- Associated Press - Monday, April 11, 2016

ST. PAUL, Minn. (AP) - Joy McBrien’s necklaces hold a few morbid secrets.

What is in her drop-dead gorgeous jewelry once made people actually drop dead.

McBrien sells jewelry made from the recycled refuse of war, fashioned by women in poverty or in war-torn areas of the world, the St. Paul Pioneer Press (https://bit.ly/1RxqFzN ) reported. Women in Ethiopia, for example, scavenge bullet shell casings in their villages, melt the metal into beads, then string them together to make earrings and necklaces.

McBrien, 26, of St. Paul sells the jewelry through a business called Fair Anita, named after an inspirational social worker she met while working in Peru.

“It’s the whole idea of women investing in other women,” said McBrien, speaking from Santiago, Chile, where she is conducting a six-month business-development trip. “Success comes when we lift each other up.”



By providing jobs and money to women, she said, they are lifted out of poverty and can stand up for themselves, which is how entire communities can be helped.

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McBrien said her burning desire to help women has its roots in a horrible crime.

As a high school senior in Woodbury, McBrien said, she was raped. She did not report the attack to police, and it left a long-lasting emotional wound.

“I had to figure out how to heal. I wondered what violence against women looked like in different cultural contexts. It was my way of coping,” she said.

McBrien turned a crime against women into a business to help women - almost like turning bullets into earrings.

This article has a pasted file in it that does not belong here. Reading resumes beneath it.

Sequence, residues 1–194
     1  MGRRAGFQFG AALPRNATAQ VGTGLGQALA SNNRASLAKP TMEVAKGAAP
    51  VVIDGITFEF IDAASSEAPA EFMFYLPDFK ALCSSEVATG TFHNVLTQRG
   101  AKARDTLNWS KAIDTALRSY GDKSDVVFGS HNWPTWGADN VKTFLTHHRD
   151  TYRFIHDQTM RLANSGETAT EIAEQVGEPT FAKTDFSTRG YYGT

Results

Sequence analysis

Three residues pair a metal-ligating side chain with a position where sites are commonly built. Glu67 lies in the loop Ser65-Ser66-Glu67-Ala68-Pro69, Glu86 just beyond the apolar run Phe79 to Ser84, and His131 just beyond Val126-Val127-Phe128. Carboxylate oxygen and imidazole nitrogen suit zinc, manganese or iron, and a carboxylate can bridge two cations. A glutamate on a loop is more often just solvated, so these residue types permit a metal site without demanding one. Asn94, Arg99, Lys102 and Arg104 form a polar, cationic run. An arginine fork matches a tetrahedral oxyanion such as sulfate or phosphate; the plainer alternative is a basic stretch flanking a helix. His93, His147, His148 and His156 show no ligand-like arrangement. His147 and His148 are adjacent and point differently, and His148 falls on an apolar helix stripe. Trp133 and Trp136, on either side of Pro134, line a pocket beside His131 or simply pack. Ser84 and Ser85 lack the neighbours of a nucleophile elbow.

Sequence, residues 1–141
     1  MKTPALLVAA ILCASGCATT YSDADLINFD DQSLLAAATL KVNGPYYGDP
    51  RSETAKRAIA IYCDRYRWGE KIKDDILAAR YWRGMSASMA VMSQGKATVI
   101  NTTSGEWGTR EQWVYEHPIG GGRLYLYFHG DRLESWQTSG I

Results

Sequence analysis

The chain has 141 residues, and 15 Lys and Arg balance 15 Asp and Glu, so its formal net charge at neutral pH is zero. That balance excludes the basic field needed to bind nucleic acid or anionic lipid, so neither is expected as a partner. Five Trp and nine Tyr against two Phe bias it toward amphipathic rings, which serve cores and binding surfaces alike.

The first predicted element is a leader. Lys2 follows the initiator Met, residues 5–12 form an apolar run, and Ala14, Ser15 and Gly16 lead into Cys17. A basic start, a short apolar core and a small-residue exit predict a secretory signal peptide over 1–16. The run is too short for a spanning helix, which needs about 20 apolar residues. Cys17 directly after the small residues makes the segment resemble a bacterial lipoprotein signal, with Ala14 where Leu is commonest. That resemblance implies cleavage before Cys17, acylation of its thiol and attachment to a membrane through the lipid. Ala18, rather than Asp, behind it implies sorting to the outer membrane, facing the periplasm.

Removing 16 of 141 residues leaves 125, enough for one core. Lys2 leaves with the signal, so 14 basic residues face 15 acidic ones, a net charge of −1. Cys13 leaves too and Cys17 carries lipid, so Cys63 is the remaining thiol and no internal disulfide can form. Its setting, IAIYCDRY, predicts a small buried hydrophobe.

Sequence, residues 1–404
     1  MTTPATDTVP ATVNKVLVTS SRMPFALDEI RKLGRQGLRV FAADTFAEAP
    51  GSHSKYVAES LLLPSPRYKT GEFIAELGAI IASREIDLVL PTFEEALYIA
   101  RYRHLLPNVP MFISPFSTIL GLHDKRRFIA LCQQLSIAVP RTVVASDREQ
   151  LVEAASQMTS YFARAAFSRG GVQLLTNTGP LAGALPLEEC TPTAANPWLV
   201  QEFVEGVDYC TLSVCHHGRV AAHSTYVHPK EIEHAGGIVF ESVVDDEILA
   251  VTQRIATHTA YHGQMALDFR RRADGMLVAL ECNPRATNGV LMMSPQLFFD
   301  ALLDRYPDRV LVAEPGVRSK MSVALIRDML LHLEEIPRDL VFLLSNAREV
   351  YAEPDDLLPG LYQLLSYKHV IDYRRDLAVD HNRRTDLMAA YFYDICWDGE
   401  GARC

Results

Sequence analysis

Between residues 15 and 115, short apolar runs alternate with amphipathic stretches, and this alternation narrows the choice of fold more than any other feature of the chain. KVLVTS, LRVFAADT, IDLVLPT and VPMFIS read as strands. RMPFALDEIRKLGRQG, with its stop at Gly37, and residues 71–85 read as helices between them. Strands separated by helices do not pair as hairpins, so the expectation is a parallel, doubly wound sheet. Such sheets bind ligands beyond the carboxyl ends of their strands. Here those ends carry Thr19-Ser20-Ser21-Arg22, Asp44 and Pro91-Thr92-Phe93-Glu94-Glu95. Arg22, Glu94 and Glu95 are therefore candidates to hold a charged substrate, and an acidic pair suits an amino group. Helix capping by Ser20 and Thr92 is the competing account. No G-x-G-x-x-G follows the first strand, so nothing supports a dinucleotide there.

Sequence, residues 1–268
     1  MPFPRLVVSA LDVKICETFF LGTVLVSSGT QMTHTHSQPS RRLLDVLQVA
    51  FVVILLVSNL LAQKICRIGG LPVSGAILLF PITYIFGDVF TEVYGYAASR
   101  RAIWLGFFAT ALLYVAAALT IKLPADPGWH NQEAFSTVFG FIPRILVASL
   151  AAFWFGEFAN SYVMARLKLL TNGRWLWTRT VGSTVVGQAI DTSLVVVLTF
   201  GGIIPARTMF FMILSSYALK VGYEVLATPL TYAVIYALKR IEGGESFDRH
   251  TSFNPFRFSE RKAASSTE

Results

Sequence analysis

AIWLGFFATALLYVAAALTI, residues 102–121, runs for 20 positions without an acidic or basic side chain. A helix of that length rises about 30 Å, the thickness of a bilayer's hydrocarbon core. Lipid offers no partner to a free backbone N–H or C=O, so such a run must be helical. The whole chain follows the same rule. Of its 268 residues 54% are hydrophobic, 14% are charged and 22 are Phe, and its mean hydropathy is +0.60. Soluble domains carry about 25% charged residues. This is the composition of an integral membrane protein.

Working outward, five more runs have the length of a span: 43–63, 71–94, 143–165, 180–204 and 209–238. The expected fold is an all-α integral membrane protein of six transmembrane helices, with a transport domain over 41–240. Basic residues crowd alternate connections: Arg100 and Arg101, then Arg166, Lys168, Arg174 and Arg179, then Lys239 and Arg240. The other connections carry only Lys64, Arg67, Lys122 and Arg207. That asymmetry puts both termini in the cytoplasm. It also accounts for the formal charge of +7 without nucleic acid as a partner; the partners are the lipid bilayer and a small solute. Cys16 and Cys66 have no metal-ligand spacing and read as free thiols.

Another turning point came at the Carlson School of Management at the University of Minnesota, where she learned how to start and manage nonprofits. But more important, she said, was the training in running a business.

She is proud of the fact that Fair Anita is not a nonprofit, entirely dependent on donations. It is an independent and self-sustaining business, she said.

“I was determined that it would not be based on pity. It would not be, ‘Oh, buy this so this poor woman can have water,’ ” McBrien said.

“A lot of the time, that’s how things are sold, trying to create some empathetic relationship between the customer and the artisan. I wanted to sell cool stuff that people wanted.”

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She began to travel the world, visiting with women and searching for the best way to get involved. In Peru, she helped establish a women’s shelter.

“I intended to start a group focused on social work,” McBrien said.

But that sounded like charity to the women, which they did not want, she said. “All the women I met said, ‘That is a nice idea, but what I need is a job,’” McBrien said.

And what was the one job they could do? Making handicrafts.

Wherever McBrien went, she said, local women thrust their handicrafts at her. “They would all say, ‘Take these back to the U.S. and sell them for me,’ ” she said.

McBrien thought it sounded ridiculous at first. She said the items didn’t look like jewelry that American customers would buy.

But the idea germinated. “I went back and thought about it. If I could make some tweaks on the design work, I could sell this,” McBrien said.

She found women in India making jewelry from tightly rolled newspapers. Other women made scarves or adorned shoes with colorful cloth. McBrien is currently working with Cambodian women who use recycled bomb casings to make various items.

Last year, Fair Anita sold about $50,000 in merchandise, said McBrien. She said she has given about 8,000 women in 16 countries full- or part-time work.

She sells about 45 percent of her material through her website, fairanita.com. The products are also sold at Ten Thousand Villages in St. Paul and the Weisman Museum and the craft shop Regala de Oro in Minneapolis.

This year, she said that as she travels in South America, developing sources and markets, one question obsesses her: “How can we empower women around the world?”

“We are getting there,” she said. “I have seen it happen.”

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Information from: St. Paul Pioneer Press, https://www.twincities.com

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